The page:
MA Guide Extra - Wayne State University

Wayne State University
(revised June 4, 2007)
Students are expected to take the slide examination as soon as they have earned 15
graduate credits, ideally distributed among the required fields: Classical, Medieval,
Renaissance/Baroque, Modern/Contemporary. Please note that the exam is not to be
construed as an exit exam. Indeed, under no circumstances will students be permitted to
proceed to the essay/thesis research stage unless they have passed the slide examination.
A score of 80 points constitutes a passing score. The slide examination may be retaken
only once. Careful preparation is, therefore, of the utmost importance.
Scope and structure of the Examination
The examination relies on the monuments covered in Gardner's Art Through the Ages
(12th edition, 2006 ) and covers all major periods and cultures except those discussed in
chapters 6, 7, 8, 13, 14, 15, 25, 26, 27, 30, 31, and 32. The monuments on the exam will
be selected to test the periods and media with roughly equal distribution. The exam
consists of two parts.
Part I:
The first part of the examination consists of 20 slide identifications and analyses. Each
slide is shown for 5 minutes and counts for 31/2 points.
Identification requires the following information:
Artist (if known) or (if no artist is known) period or culture (e.g. Egyptian,
Old Kingdom; Hellenistic; Byzantine, etc.)
Title or name of the work
Approximate date of the work and location (for architecture
and other site-specific works associated with architecture)
For purposes of dating, only approximations are required. For works produced prior to
1400 the date must be within 25 years. From 1400 on the date must be within 10 years.
Students then write an analysis of each work shown, focusing on the work's importance
within a larger historical context (see the instructions on the following page).
Part II:
The second part of the examination consists of 3 comparative slide analyses. The works
chosen may be drawn from the same period or from different cultures, provided the
underlying conception and content offer opportunities for a fruitful comparison. Here, too,
students begin by identifying the individual works as specified above and the proceed to
relate the works to each other in terms of possible similarities or differences, drawing on
issues of style, conception, content, and historical significance. Students have 15 minutes
to write each comparative analysis; each analysis is worth 10 points.
Suggestions on How to Prepare for the Examination
In preparing for the examination, students should not only seek to master the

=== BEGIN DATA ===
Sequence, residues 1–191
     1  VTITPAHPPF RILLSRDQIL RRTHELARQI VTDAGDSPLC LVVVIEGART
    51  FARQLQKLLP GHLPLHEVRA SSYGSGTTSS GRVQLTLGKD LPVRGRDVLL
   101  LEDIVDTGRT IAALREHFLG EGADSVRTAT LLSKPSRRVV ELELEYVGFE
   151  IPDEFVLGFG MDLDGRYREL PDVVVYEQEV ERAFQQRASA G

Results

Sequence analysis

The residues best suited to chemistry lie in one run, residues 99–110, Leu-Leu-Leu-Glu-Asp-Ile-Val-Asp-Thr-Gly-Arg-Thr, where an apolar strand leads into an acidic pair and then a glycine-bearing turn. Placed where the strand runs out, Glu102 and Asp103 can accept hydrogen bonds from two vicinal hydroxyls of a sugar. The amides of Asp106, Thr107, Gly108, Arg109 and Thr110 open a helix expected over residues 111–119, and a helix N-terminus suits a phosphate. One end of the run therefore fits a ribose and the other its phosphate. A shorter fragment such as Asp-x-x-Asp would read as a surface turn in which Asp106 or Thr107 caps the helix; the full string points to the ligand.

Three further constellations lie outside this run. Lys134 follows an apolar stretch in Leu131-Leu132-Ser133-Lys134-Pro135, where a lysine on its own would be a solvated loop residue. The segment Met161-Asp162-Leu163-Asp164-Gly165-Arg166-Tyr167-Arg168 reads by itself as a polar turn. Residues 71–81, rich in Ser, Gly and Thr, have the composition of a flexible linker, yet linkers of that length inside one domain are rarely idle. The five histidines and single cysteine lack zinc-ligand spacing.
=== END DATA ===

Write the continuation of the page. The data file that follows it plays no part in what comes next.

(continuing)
fundamentals of style and iconography, but also be aware of factors that contributed to
the genesis of a given work. These factors differ from culture to culture, although it is fair
to say that collective dictates of institutions, religious beliefs, and political aspirations tend
to be more pervasive in the earlier periods, whereas personal outlooks, theories, or
biographical factors often help to explain a more modern work.
Students should, therefore, take careful note of the larger context in which a given work
was created: Akhenaton's theocracy and its possible relationship to the unexpected
development of naturalism in Egyptian art (3.36-39); or the historical context of works
that celebrate actual events, such as the Ara Pacis Augustae (7.31-33) and the reliefs on
the Arch of Titus (7.43-45). The seminal character of certain monuments, like St. Sernin,
Toulouse (12.3-5), Chartres Cathedral (13.13-15), or Sant'Andrea, Mantua (21.4042) also
needs to be acknowledged. In the latter case (especially since the book discusses four
different buildings by the architect) the student should be able to expand the analysis so
as to touch on Alberti's indebtedness to earlier theoretical sources, such as Vitruvius, and
on Alberti's own influential theoretical work.
The Gardner text provides the monuments for which the student is responsible. It should
be borne in mind that this is an introductory, undergraduate textbook. It is expected that
M.A. students will have a far greater breadth of learning in art history, both from their
advanced undergraduate coursework, and their graduate coursework. Students will find it
useful to round out the information in Gardner by thoroughly reviewing course notes from
their required distribution of upper-division courses that most likely dealt with many, if not
all, of the same monuments in greater depth. Student should also be prepared to check
and expand the information in the Gardner text by recourse to standard handbooks
focusing on the period to which the monument belongs. If in doubt about these standard
handbooks, students should consult the bibliographies from their course syllabi and the
faculty member in the relevant area.
Grading Policy:
The examination earns a total of 100 points:
each slide analysis:
date: 1/2
artist (or period/culture): 1/2
title or name of work: 1/2
formal and iconographic analysis: 1
position of work in context: 1
each slide comparison:
date for each slide: 1/2
each artist (or period/culture): 1
formal and iconographic analysis of each work: 1
comparative analysis: 5